The Noble Gas Facility extends to the University of Adelaide Campus at North Terrace where teams from the University and CSIRO are finalising the Atom Trap Trace Analysis or ATTA Facility.

 

[Image changes to show a male working on the equipment and the camera zooms in on his face as he looks down]

 

ATTA uses advanced laser physics to measure Noble gases.

 

[Image changes to show the equipment again and the camera pans along the equipment to the male working on the equipment]

 

It complements the CSIRO equipment by targeting other isotopes of krypton and argon that exist only at ultra-low concentrations making them very difficult to measure.

 

[Image changes to show two males talking together inside the Facility]

 

However, through the ATTA Facility precise measurements become feasible and practical.

 

[Image changes to show a chart on a computer screen]

 

It is now possible to date groundwater samples from 1,000,000 years to just a few decades old.

 

[Image changes to show the two males working around the equipment in the Facility and the camera pans over the equipment in the room]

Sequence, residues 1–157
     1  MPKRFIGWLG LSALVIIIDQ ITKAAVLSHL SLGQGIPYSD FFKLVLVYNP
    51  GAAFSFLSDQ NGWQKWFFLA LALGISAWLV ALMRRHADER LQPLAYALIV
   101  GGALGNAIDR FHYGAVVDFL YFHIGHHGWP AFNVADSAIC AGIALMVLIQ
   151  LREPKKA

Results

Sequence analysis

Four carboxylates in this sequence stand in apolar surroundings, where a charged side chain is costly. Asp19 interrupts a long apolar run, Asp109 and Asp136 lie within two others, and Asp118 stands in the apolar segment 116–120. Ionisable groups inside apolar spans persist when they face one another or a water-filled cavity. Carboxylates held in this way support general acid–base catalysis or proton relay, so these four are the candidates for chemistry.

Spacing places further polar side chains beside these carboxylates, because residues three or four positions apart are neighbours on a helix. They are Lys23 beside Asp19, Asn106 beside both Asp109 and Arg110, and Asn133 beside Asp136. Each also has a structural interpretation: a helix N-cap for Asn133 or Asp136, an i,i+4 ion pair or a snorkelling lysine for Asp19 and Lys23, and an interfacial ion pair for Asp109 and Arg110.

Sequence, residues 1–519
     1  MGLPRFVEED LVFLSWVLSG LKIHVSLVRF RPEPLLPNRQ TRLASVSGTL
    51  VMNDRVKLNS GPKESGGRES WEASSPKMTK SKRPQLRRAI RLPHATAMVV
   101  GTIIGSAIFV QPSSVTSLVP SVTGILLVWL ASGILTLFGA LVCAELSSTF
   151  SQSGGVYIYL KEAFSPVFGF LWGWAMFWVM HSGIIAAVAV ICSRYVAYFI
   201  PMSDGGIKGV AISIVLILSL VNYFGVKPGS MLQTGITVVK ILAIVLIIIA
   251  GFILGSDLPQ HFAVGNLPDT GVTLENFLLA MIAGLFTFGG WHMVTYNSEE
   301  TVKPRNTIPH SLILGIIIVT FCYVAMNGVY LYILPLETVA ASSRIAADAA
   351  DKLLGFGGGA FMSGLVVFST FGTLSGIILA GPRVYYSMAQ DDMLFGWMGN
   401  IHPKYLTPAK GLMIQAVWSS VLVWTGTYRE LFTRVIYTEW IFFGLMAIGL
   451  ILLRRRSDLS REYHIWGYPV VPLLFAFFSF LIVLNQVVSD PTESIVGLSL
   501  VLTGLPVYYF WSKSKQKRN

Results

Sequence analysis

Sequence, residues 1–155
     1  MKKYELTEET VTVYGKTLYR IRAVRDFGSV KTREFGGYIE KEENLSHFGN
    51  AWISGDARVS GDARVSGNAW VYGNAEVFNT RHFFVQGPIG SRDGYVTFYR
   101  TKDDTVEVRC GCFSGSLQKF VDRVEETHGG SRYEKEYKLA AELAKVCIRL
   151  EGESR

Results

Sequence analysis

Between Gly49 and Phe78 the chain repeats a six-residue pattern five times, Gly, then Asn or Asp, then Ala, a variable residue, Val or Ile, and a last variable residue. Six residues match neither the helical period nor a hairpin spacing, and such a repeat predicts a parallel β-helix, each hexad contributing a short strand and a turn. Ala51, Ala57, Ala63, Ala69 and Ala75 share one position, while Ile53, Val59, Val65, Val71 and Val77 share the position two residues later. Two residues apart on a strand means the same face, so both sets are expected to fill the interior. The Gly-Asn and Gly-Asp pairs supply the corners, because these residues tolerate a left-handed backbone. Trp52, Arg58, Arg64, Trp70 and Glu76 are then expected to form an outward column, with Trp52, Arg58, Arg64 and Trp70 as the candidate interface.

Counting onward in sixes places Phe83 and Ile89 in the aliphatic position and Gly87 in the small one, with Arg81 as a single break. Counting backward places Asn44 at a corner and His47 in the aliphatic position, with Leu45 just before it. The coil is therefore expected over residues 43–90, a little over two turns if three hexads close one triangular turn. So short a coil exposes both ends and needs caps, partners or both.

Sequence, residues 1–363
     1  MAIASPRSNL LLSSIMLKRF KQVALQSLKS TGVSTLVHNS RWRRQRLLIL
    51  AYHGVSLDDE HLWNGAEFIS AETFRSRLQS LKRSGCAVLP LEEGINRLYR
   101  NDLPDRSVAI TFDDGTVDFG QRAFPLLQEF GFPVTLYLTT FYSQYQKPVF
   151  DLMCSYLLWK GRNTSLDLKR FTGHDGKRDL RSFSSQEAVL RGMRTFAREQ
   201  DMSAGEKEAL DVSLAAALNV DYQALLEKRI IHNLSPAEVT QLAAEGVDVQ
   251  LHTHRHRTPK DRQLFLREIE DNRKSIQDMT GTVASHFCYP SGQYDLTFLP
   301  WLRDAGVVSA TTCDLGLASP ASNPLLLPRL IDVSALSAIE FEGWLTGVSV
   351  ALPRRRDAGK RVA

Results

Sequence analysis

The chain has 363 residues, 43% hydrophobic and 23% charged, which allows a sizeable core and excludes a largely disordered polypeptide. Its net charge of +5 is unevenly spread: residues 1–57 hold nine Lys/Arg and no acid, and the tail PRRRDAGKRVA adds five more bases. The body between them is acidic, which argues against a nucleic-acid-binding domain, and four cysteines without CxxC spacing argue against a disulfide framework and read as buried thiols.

Because ATTA and Helix measure totally different Noble gas isotopes an unprecedented set of precise tools becomes available for Australian scientists.

 

[Image changes to show a map of Australia showing the Fitzroy, Darwin and Mitchell catchment areas on the map and then the image changes to show sprinklers irrigating a lush crop]

 

The Northern Australian Water Resource Assessment or NAWRA was a major government study to identify potential development opportunities such as irrigated agriculture that would need reliable and sustainable water supplies.

 

[Image changes to show Dr Chris Chilcott talking to the camera and text appears: Dr Chris Chilcott, CSIRO Research Leader for Northern Australia]

 

Dr Chris Chilcott: So, the new facilities are a fantastic resource for all groundwater researchers across Australia and particularly in the north where we don’t know much about the groundwater sources. It allows us to understand the sources of water, where they’re from, the age of the water, and what the recharge rates are and that then allows us to make decisions about sustainable extraction.

 

[Image changes to show a tap in a dry landscape spurting a stream of water]

 

And then that leads on to giving us opportunities for irrigated agriculture.

 

[Image changes to show three colleagues working in the snow with a snow vehicle in the background and text appears: Intrepid Science]

 

Narrator: And it’s not just limited to analysing water.

 

[Image changes to show a view of an Antarctic landscape and then the image changes to show a view looking down into an ice core]

 

The facility can be used to look further into the past of Antarctica’s climate by measuring age markers from gases trapped in Antarctic ice cores.